It is also easy to blame us for the most ridiculous things you have ever seen. Want to see how loved you are? Have a player get hurt on your watch. It makes us all sick to our stomachs if a player gets hurt while working out, even with something that just happened, like turning an ankle on a bag drill. We feel like trash even though it was out of our hands, but just wait until the coaches find out.


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They would make you think that you left the workout, went into your car, grabbed a machine gun, came back, and shot that player in cold blood. No matter what it was, it will be the end of the world. It is OK that they can make up some drill that anyone looking at it will guarantee that someone will get hurt doing it, run it in the middle of camp at 100 degrees and boom! Down goes Frasier.

What happens next? Do the trainers and coaches yell at the head coach, blame him and make him feel like garbage, or do they just say, “Move the drill up 10 yards,” and continue to do it while trainers attend to the wounded and continue practice as if nothing happened.

I do not have an answer to this. I just want to make you aware of what really happens. This is not new. If you have done this for a few years, you have already seen most of this.

two american football players running silhouette

ostill © 123rf.com

The next one really drives me crazy. How is it that we are responsible for players who do absolutely nothing outside the weight room to improve their performance? How is it our fault when a kid gets dizzy or abnormally out of gas during a 6 a.m. workout that you have to do at 6 a.m. because the coach thinks it will make them mentally tougher and the kid has not slept or eaten a thing in 18 hours?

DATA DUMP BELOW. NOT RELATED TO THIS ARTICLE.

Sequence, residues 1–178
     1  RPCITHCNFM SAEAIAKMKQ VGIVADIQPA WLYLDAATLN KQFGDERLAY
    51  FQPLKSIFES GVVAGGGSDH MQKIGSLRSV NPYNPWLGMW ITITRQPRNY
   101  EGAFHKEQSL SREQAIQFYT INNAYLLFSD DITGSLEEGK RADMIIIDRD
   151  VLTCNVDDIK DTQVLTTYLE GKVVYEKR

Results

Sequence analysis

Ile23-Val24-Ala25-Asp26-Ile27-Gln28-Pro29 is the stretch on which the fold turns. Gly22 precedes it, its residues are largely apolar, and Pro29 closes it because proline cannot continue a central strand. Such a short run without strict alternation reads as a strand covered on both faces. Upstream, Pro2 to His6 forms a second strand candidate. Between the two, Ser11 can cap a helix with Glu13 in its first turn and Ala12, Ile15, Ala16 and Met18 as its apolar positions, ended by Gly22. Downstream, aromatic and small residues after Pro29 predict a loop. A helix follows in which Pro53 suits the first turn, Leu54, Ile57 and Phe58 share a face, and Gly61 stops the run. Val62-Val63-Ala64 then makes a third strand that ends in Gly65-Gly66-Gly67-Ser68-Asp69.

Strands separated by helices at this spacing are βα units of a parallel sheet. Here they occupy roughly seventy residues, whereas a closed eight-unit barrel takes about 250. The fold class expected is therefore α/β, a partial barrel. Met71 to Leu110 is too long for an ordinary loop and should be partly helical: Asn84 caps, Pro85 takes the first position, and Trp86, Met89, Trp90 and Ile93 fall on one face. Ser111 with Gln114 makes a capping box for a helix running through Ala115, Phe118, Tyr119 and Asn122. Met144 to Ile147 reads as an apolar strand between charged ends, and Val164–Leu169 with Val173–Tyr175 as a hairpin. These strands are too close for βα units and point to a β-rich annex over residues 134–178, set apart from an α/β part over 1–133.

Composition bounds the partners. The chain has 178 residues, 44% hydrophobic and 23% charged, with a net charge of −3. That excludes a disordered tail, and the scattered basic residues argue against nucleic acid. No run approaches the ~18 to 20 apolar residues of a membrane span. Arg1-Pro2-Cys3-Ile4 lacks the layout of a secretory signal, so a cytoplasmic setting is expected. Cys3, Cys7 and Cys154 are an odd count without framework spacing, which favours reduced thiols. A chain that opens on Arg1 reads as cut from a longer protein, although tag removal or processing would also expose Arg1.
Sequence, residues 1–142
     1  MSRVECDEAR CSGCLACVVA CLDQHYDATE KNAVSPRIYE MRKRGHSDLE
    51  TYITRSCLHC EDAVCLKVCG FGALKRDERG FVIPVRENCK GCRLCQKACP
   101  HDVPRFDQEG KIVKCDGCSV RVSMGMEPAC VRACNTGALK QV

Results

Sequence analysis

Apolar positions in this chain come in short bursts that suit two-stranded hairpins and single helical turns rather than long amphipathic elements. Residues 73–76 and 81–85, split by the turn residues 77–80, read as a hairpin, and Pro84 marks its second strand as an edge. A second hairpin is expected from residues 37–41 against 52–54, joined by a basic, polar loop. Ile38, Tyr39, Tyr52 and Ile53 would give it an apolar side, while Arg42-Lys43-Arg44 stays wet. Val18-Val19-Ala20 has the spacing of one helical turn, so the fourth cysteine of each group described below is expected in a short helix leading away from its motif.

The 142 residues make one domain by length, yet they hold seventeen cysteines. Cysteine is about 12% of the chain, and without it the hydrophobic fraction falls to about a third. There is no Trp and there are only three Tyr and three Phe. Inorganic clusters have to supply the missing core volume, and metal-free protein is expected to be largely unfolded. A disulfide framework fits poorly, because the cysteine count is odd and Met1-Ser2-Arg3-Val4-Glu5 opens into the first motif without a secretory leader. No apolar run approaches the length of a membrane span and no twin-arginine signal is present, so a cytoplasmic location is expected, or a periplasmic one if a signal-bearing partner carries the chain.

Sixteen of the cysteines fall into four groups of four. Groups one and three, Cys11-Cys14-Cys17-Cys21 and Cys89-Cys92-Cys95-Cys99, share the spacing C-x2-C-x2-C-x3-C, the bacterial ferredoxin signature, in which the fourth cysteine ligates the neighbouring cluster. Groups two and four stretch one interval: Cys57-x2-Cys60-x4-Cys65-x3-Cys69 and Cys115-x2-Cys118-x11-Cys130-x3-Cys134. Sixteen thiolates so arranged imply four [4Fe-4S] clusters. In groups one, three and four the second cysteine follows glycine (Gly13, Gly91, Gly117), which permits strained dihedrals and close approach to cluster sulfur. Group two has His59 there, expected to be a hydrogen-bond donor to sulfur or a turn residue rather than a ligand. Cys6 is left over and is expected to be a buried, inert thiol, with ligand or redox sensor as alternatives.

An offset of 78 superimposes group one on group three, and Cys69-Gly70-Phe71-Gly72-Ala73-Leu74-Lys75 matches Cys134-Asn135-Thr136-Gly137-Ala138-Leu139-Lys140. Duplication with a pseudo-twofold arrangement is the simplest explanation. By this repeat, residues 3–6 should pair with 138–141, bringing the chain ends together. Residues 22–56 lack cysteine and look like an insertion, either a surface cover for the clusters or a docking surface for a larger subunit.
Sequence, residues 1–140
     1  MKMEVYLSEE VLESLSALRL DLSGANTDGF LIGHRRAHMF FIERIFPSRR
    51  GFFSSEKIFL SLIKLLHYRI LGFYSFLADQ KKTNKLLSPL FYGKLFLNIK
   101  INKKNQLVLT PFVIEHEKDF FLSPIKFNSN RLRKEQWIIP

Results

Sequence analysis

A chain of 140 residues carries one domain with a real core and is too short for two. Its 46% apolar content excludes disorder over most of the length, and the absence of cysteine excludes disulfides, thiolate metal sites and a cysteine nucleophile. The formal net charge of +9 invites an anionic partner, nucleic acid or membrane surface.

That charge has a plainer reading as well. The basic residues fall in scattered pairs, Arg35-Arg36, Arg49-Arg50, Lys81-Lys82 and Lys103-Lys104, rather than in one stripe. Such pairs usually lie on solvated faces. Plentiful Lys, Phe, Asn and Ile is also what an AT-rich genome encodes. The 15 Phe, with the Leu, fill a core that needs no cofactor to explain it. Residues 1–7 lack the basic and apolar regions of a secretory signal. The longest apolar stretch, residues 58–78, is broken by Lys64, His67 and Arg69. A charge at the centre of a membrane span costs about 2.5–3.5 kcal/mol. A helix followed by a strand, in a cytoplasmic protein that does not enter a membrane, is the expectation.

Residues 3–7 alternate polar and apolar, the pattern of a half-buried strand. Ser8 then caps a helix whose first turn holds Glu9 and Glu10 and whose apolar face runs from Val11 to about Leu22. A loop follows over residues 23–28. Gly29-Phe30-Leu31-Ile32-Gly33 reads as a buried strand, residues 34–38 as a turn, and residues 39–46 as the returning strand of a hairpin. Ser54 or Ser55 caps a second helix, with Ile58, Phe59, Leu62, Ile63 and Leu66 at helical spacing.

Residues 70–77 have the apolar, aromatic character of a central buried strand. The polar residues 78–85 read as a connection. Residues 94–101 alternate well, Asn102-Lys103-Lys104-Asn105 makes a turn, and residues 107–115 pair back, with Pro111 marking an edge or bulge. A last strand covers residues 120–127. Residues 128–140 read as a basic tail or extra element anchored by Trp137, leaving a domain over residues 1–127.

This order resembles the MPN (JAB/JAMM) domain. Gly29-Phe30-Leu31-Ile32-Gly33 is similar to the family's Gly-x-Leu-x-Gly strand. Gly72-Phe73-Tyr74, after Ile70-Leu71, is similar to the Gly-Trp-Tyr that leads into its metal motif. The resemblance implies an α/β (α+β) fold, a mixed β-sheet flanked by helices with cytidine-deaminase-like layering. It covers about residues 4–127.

If a player cramps up and the trainers start bitching and asking what you are doing to find out they had partied all night and are completely dehydrated and hung-over? How in the HELL is that our fault? Yet we get blamed.

The player does nothing while at home, gets back to campus, and falls behind in the workouts, and coaches ask us what we are doing about it. I actually had a sports coach once ask us if we could change what we were doing in the weight room. I asked him why, and he said because his girls were behind other girls in the conference. When I asked him what he meant, he said that the other schools in the conference have their players on campus all summer playing and working out. Our girls go home from May 6th until about August 20th (almost four months), but he doesn’t want to pay for them to be here. He just thought if we could double up on workouts or something they could catch up. True story.

I am sure all of you out there have similar experiences and stories, but they really make no sense anymore. What used to be funny and things to talk about at a convention now are costing us our jobs because there are so many of us we can be replaced at the drop of a hat. Don’t believe me? Just wait. You will see it or hear about it at one point or another.

I do not have any concrete answers, but we all need to figure this thing out quick or we will all be answering to people that have absolutely no idea of what we do, and they will try and tell us how to do it! And that will be worse than all of the above combined.